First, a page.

John Lovchik in his book Racism: Reality Built on a Myth (2018: 12) notes that “racism is a system of ranking human beings for the purpose of gaining and justifying an unequal distribution of political and economic power.” Note that using this definition, “hereditarianism” (the theory that individual differences between groups and individuals can be reduced to genes; I will give conceptual reasons why hereditarianism is false as what I hope is my final word on the debate) is a racist theory as it attempts to justify the current social hierarchy. (The reason why IQ tests were first brought to America and created by Binet and Simon; see The History and Construction of IQ Tests and The Frivolousness of the Hereditarian-Environmentalist IQ Debate: Gould, Binet, and the Utility of IQ Testing.) This is why hereditarianism saw its resurgence with Jensen’s infamous 1969 paper. Indeed, many prominent hereditarians have held racist beliefs, and were even eugenicists espousing eugenic ideas.

Headley (2000) notes a few definitions of racism—motivational, behavioral, and cognitive racism. Motivational racism is “the infliction of unequal consideration, motivated by the desire to dominate, based on race alone“; behavioral racism is “failure to give equal consideration, based on the fact of race alone”; and cognitive racism is “unequal consideration, out of a belief in the inferiority of another race.”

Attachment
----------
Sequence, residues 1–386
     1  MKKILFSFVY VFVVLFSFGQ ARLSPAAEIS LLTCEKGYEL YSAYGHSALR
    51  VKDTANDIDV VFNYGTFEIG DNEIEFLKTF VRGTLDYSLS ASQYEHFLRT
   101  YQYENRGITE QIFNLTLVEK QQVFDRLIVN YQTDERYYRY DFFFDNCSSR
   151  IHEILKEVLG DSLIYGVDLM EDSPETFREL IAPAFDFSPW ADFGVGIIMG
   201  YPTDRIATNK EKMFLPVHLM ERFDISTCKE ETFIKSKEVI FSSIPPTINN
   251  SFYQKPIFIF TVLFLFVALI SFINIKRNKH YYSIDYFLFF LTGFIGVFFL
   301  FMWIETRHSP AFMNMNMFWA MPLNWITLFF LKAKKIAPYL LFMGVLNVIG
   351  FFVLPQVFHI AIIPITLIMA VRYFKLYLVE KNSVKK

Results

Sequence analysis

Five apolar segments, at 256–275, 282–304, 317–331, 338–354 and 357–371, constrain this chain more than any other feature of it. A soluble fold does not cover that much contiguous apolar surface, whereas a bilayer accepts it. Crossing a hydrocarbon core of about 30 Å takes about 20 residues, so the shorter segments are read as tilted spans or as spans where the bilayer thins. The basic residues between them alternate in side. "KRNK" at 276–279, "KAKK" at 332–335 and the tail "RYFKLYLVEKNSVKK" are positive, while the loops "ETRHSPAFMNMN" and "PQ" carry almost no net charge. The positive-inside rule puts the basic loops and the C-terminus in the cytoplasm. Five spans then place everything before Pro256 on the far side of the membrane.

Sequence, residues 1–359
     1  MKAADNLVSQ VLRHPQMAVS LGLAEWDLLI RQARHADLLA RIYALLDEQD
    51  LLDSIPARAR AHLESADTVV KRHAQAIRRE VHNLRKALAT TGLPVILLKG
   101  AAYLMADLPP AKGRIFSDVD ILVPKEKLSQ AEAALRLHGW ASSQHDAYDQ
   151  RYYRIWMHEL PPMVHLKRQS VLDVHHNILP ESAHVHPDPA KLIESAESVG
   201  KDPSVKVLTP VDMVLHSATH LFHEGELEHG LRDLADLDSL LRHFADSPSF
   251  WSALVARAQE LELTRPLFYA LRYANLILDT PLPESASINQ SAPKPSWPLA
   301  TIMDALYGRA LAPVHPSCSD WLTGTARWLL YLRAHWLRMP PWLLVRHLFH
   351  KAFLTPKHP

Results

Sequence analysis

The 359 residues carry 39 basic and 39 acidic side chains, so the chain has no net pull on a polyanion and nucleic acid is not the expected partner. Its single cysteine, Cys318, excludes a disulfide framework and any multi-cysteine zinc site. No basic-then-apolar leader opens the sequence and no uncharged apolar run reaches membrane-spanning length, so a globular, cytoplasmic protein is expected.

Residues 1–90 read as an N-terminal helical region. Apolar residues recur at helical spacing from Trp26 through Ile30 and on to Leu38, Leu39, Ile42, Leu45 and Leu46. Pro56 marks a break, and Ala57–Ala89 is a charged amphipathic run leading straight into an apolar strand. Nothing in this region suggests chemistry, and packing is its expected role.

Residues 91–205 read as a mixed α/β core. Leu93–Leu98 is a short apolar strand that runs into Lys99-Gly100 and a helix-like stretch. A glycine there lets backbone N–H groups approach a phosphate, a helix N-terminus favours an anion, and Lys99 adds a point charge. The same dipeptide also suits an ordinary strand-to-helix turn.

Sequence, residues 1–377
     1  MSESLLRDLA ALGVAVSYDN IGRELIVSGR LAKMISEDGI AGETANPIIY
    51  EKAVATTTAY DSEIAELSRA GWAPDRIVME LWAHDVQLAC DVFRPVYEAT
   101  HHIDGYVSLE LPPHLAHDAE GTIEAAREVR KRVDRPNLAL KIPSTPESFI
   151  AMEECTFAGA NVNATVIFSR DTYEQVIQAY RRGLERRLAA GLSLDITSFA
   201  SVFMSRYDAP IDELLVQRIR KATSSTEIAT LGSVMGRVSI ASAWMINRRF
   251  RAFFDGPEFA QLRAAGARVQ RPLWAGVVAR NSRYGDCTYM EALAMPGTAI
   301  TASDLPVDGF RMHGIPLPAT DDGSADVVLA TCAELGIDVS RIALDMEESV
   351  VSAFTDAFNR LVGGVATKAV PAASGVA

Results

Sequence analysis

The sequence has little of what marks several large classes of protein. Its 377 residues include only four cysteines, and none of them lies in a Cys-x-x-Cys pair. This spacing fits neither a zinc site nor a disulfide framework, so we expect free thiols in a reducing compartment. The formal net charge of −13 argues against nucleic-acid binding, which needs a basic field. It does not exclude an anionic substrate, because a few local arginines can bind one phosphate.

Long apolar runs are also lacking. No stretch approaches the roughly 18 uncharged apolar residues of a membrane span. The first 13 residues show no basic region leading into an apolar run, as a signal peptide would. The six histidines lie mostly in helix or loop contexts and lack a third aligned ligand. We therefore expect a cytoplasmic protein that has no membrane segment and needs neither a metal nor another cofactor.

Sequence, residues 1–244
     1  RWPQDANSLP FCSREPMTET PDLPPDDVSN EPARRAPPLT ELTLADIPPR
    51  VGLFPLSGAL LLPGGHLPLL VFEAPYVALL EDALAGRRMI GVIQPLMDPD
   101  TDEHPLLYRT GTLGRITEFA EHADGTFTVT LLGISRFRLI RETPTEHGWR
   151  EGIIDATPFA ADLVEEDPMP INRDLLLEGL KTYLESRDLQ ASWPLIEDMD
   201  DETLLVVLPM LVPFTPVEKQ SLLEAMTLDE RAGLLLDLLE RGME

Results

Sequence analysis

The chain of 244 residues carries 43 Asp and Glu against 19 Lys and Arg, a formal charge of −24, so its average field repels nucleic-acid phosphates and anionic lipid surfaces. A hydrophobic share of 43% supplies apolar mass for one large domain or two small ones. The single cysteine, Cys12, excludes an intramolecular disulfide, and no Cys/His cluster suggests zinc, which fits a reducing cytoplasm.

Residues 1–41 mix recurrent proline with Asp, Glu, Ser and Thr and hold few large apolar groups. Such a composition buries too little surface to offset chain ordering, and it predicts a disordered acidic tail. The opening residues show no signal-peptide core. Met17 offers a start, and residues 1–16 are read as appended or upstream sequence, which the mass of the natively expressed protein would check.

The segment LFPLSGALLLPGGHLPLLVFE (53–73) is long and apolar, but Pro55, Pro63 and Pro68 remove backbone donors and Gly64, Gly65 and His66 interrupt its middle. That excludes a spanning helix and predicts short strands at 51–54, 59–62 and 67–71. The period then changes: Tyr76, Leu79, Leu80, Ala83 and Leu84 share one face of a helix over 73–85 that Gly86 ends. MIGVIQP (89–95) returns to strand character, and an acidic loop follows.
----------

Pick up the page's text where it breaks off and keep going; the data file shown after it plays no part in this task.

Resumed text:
I have presented six definitions of racism—though there are many more. Now, for the purposes of this article, I will present my own: the ‘inferiorization’ of a racialized group which is then used to explain disparities in things like IQ test scores, social class/SES, education differences, personality, etc. Now, knowing what we know about physiological systems and how they react to the environment around them—the immediate environment and the social environment—how does this then relate to stress and physiology?

Racism, stress, and physiology

Now that we know what racism is, having had a rundown of certain definitions of ‘racism’, I will now discuss the physiological effects such stances could have on groups racialized as ‘races’ (note that I am using socialraces in this article; recall that social constructivists about race need to be realists about race).

The term ‘weathering’ refers to the body’s breaking down due to stress over time. Such stressors can come from one’s immediate environment (i.e., pollution, foodstuffs, etc) or their social environment (a demanding job, how one perceives themselves and how people react to them). So as the body experiences more and more stress it becomes more and more ‘weathered’ which then leads to heightened risk for disease in stressed individuals/populations.